Types of Lead Sources
At Barrel, we’ve stumbled into a number of different lead sources over the years, and the mistake we made was in not taking the time to understand the source and how to keep the flow strong. We recognized the source and assumed that they’d organically continue coming.
To start, these are the most common lead sources I’ve experienced. It’s not a comprehensive list by any means (e.g. it doesn’t have inbound leads from content marketing or speaking engagements for example), but covers roughly 90% of leads we’ve seen over the years:
- Existing (or former) client
- Client moving over to a new job
- Solutions partner
- Private equity or venture capital partner
- Complementary agency
- Competitor agency
- Solo consultant
- Existing or former employee
A Note on Paying Commissions
The question of whether or not you want to compensate lead sources is really up to you as agency operator. A typical arrangement is to pay a commission – around 10% or so of the new business referred, either the first project or up to a period of time (e.g. 1 year) – to the lead source.
A commission arrangement doesn’t work when there are obvious conflicts and optics involved, like a former client who moves to a new job and hires you at their new company or an investor recommending you to a portfolio company. But for referrers like solo consultants or complementary/competitor agencies, this is fairly common.
We’ve taken a pragmatic approach and evaluated each opportunity case-by-case. Our preference is to refer leads to others and to receive leads from others without commissions, but with certain partners who prefer the commission arrangement, we’ll accept if we think it can be a productive partnership.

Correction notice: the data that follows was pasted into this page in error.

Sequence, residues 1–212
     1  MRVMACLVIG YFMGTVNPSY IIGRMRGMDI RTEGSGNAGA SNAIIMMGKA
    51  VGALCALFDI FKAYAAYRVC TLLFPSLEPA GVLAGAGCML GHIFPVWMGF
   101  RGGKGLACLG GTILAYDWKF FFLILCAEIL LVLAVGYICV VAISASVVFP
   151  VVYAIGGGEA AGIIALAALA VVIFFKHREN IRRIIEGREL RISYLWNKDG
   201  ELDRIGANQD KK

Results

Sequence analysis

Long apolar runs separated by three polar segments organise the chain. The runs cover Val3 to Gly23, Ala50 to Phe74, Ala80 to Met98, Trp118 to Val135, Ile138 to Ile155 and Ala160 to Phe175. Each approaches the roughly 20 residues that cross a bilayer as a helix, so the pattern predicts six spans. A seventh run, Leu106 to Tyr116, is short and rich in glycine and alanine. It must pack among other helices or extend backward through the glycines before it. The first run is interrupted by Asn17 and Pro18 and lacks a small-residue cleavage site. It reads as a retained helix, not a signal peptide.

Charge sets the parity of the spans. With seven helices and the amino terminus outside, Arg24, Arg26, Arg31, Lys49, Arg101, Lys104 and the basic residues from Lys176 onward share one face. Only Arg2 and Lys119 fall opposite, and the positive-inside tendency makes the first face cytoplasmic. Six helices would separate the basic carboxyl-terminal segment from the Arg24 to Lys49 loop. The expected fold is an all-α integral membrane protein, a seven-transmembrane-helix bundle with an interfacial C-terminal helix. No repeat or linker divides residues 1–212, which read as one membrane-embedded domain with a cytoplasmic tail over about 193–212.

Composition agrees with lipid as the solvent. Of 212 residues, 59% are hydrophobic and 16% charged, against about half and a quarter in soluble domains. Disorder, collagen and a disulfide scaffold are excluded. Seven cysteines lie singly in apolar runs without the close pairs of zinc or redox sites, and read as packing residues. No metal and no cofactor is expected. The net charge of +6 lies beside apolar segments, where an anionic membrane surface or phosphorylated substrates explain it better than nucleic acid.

Going Deeper with Lead Sources
For each of the lead sources, I’ve presented some suggestions on keeping the flow of leads strong. As with any advice dispensed for free on the Internet, your mileage may vary. Keep experimenting.
Existing (or former) client
Existing clients who love working with your firm can be powerful referrers. The fact that they can vouch for you and speak intimately to what it’s like working with you make them the most value lead source.
The best way to keep this source strong is to continue delivering on the work and making the client look good. If your firm falters here, leads will not only dry up but clients may churn and become anti-advocates, warning people to not work with your team.
Assuming the work is going well, you can continue to deepen your relationship with the client by continuing to market in various ways. This blog post has excerpts from a book that helpfully outlines a number of specific activities. The primary outcome is to have the client buy more services from you, but the other benefit is that you’ll be top of mind for them to refer you to a peer.
Former clients are also very valuable, although I find that their referral strength diminishes over time, especially if your agency’s offerings evolve and the people who worked with the client are no longer around. However, it’s still worthwhile to stay in touch to see what they’re up to and to share what’s new on your end. In many cases, these clients can end up being in the next category, the client who moves over to a new job.
Client moving over to a new job
When an existing or former client switches jobs and lands in a role where they can influence or decide buying decisions at the new company, they instantly become a hot lead source.
It’s hard to predict when a client will move and end up in a position or situation where they can present your agency with a new opportunity, so strengthening the lead flow from this source means making bets for the long-term.
When we work with clients, it’s very possible that we’re interfacing with more than one person. The client has several stakeholders, from the primary decision maker, people in the background, and junior folks who support the higher-ups. This means that there could be multiple people who represent future leads.